Dr Bustreo has published almost 100 peer-reviewed articles in international scientific journals. She has a regular blog on the Huffington Post International website and on the publication’s Italian website. Her full list of publications is available here. Her publications range from clinical studies on health and nutrition, reports and analysis of large-scale epidemiological studies, and examinations and prognoses of a wide range of public health issues. Her publications illustrate the breath of her knowledge as well as the wide variety of leading professionals with whom she has collaborated. In addition to her scientific and technical contributions on policy issues, Dr Bustreo is also a regular commentator on public health issues both in mainstream and alternative media. She writes a regular blog for the Huffington Post where she addresses a wide variety of public health issues.

Travel and Work 

Dr Bustreo has worked in or traveled to more than 75 countries across Europe, Asia, North America, Central America, Latin America, the Middle East and Africa. She has lived in Italy, Switzerland, Denmark, Norway, Sudan, and the United States. She speaks several languages fluently. Her leadership style has been characterized by her listening to both senior political leaders as well as to the people WHO serves to hear their concerns and to understand how WHO can better serve their needs. Her work and travel have been characterized by an extraordinary commitment to assisting countries to achieve the priorities they have set with their people and for their people. During her campaign Dr. Bustreo has adhrered to the WHO Code of Conduct agreed by its Member States, including its paragraph 9 (of part II) which states that "[t]ravel by candidates to Member States to promote their candidature should be limited in order to avoid excessive expenditure that could lead to inequality among Member States and candidates." Dr Bustreo believes that Member States 'resources should be used for the substantive work of WHO. She recognizes that Member States are represented in Geneva and at multilateral meetings and has made an effort not to use public funds for her campaign and to limit her travel to multilateral meetings whenever possible.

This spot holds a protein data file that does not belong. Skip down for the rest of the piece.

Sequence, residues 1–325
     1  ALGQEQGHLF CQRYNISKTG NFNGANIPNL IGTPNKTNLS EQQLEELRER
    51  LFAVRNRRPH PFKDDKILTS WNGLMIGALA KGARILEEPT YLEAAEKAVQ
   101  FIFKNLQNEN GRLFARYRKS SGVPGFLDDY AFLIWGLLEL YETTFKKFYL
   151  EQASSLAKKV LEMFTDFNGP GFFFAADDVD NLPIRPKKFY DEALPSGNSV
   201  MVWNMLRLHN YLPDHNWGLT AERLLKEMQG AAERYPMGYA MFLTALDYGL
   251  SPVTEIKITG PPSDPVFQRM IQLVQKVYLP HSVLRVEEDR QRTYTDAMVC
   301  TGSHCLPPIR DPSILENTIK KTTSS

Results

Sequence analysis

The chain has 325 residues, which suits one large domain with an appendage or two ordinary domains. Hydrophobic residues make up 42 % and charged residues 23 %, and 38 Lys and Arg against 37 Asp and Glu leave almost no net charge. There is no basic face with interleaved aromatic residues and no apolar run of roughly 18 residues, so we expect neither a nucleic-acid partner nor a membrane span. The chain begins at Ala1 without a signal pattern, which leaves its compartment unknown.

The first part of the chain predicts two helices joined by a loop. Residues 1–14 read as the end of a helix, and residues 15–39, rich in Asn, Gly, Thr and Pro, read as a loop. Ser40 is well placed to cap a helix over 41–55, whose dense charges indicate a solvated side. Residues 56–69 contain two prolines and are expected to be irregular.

Italian is Dr. Bustreo's mother tongue, but she also speaks French, English, Spanish and Portuguese and has studied Russian and Arabic.

The Government of Italy

The Government of Italy nominated Dr. Flavia Bustreo in September 2016. In accepting the nomination Dr. Bustreo thanked the Government of Italy for putting its trust in her and pledged to continue to work for global public health with the highest degree of integrity and commitment. Dr. Bustreo has also requested the government to ensure that resources devoted to her campaign were kept to only necessary expenses and pledged to devote her own resources to campaigning despite being on special leave with half pay. 

Dr. Bustreo has met with her President, Minister of Foreign Affairs, and Minister of Health to discuss how Italy can increase its support for the WHO and its Member States. In these meetings, her country's representatives congratulated her and renewed the commitment of the government's for its strong support during the campaign and afterwards for the WHO should she become its next Director-General. 

Her campaign is led by Ambassador Maurizio Serra, Italy's Permanent Representative to the United Nations in Geneva on behalf of the government of Italy.